Urea prices during the same period, after bottoming out at ~$275 per metric, began to rise as the nitrogen cost curve exerted itself and both European and Chinese producers trimmed production and exported less as prices went below marginal cost. During the period when CF's stock rose from ~$190 to $260, urea prices increased to over $400 per metric ton New Orleans while corn prices declined to nearly $4.00 per bushel, which tells us that nitrogen prices are more a function of the global cost curve than the corn acres.
Increasing Investor Confidence
CF's actions in the last few months have increased investor confidence in the company. The Deerfield, Illinois,-based company has become more transparent with its corporate and capital structure goals. The company has been consistently buying shares, which has also helped address investor concerns that CF would not be able to execute its large scale capex program and complete its $3 billion buyback at the same time.
Another thing that we have noticed in the company's approach is its more holistic approach toward managing the company's order book. In the past, each decision, be it gas purchase, nitrogen sale or transport, was largely taken in isolation. However, these decisions are now more consolidated across the value chain to optimize margin for the entire company. In addition, the company is conducting a more rigorous global market analysis than ever. The company is focusing more on netback than a single market concentration. The U.S. has traditionally been the company's core market and even now that is the case. However, the company is actively looking for opportunities to build relationships in new markets, particularly the Latin American markets. CF Industries is optimizing its portfolio, and the company is willing to take a lower net back on its exports to increase the total profit opportunity of the balance of its tons sold in the U.S. CF's recent off-take agreements with Orica and Mosaic have not only provided the company with healthy returns on ammonia and ammonia nitrate but should also give the nitrogen producer more confidence from a debt leverage perspective.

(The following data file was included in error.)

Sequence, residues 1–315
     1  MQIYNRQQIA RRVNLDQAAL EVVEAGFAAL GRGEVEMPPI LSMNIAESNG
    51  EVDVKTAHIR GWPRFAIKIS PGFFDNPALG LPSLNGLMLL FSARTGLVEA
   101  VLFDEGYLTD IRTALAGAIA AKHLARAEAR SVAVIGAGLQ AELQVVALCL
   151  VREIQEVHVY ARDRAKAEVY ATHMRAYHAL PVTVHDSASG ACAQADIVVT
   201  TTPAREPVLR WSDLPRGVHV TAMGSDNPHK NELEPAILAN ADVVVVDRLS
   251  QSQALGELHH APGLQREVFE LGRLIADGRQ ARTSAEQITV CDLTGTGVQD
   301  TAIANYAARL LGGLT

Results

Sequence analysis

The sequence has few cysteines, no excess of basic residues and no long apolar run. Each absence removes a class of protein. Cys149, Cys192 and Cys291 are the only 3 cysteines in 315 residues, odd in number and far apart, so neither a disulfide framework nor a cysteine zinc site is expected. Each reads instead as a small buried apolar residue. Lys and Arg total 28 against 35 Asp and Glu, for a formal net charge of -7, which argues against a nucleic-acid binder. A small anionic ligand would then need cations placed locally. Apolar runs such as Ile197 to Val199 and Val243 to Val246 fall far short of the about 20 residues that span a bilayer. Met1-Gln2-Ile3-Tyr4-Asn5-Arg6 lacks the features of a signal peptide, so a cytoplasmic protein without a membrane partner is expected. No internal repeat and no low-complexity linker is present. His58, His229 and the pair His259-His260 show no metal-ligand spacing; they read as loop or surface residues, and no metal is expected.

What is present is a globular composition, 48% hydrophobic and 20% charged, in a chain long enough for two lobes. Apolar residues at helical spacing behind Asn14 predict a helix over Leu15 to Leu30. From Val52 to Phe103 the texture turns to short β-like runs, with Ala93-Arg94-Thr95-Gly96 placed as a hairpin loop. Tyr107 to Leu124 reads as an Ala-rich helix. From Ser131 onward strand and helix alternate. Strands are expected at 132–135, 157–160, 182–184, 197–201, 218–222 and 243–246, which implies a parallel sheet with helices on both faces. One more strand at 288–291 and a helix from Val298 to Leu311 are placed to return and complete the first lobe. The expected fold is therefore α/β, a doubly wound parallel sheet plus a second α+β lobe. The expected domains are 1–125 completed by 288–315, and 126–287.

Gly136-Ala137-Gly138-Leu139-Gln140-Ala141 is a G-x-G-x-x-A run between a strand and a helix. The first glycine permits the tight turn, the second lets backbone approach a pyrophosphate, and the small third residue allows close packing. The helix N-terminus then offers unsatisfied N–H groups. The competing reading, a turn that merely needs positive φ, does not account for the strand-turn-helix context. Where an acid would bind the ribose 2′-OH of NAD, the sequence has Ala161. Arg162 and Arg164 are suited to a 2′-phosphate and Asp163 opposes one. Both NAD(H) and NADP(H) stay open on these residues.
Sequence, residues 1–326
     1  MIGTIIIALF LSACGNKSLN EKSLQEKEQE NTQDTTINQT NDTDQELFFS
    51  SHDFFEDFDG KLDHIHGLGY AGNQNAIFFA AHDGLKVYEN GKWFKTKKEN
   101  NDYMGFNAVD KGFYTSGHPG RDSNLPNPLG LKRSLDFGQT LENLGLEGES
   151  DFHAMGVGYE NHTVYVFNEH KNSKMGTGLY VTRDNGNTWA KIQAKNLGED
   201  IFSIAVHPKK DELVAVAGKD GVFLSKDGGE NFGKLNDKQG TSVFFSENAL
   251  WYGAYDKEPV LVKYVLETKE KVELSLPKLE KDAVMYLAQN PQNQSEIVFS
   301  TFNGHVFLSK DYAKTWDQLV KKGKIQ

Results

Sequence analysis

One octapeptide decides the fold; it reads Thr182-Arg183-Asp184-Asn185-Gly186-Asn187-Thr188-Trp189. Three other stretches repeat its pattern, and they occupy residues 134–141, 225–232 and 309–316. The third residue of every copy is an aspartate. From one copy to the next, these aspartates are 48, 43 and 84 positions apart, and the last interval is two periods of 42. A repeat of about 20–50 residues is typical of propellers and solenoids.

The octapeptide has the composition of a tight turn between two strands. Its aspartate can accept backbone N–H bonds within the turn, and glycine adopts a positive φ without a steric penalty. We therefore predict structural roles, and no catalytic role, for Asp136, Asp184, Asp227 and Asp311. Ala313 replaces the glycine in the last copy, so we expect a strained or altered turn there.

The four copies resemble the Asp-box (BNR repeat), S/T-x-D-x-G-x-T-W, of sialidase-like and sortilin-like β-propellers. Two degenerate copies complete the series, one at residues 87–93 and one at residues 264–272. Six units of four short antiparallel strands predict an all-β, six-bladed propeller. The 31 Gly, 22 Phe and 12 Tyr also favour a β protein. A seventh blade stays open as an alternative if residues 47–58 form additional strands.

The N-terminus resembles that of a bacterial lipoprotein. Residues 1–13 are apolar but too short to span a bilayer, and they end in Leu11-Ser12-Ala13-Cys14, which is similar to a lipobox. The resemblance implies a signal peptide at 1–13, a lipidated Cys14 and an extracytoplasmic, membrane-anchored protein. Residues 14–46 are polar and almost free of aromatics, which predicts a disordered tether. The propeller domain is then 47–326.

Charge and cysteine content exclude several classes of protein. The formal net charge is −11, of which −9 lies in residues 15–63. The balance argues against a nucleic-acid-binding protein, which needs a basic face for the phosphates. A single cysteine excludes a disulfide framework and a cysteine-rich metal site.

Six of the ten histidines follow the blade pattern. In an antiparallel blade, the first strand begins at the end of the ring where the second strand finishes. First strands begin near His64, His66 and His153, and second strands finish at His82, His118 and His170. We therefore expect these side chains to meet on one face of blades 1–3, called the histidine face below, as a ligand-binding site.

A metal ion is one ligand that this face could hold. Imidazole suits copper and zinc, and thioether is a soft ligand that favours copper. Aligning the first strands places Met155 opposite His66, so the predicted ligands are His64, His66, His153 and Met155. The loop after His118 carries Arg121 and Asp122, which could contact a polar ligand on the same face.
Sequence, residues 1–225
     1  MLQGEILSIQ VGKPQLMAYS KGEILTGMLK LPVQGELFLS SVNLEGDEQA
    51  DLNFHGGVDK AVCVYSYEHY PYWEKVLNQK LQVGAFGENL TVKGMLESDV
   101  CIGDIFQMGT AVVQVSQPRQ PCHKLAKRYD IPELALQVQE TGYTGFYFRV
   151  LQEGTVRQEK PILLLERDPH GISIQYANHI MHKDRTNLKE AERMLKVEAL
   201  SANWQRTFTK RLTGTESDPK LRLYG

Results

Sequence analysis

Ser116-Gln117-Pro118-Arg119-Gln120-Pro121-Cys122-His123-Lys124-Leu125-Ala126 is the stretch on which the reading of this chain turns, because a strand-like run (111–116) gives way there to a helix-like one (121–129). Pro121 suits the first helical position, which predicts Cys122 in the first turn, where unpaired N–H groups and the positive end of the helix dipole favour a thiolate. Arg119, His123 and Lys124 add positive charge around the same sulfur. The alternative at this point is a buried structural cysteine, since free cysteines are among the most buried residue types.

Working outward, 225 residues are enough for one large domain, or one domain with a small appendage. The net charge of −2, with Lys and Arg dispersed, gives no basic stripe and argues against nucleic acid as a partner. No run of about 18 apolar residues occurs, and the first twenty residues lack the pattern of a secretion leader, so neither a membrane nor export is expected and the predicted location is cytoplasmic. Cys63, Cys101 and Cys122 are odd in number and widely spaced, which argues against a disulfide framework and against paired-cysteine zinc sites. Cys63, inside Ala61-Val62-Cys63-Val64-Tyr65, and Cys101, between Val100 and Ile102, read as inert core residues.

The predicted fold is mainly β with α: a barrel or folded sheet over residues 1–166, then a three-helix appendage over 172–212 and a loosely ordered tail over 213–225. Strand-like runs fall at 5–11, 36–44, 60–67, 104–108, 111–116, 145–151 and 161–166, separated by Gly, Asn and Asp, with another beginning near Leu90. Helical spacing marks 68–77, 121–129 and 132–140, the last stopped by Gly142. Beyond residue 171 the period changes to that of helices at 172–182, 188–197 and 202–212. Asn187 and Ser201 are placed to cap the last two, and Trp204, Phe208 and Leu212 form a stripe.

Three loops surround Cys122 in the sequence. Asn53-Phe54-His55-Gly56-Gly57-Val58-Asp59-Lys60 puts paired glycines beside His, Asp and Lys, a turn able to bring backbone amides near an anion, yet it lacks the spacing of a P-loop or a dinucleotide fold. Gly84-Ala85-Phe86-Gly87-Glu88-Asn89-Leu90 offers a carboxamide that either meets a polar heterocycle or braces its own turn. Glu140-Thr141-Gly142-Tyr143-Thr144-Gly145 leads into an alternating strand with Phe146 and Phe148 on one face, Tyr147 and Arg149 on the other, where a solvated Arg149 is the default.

Creating Shareholder Value
CF is consistently making efforts to create shareholder value. The company is more interested in creating consistent and sustainable shareholder value rather than being large just for the sake of it. CF believes that if provided with options to either grow nitrogen volumes or buyback shares, the company would most probably opt for buybacks, provided the stock is trading at below its fair value. Growth for the sake of growth is not the company's policy. CF's strategy is to increase shareholder value the most on a risk adjusted basis. If there is an attractive opportunity within the United States, the company could consider buying other U.S. nitrogen facilities at the right price. However, that option seems unlikely as there are very few opportunities out there that would fit in the company's plans. At the same time, the company is also not planning to build additional facilities only to serve its export market. CF believes that it would lose the competitive advantage of its U.S. distribution network and would likely not have a cost advantage over other imported tons.
MLP Or No MLP?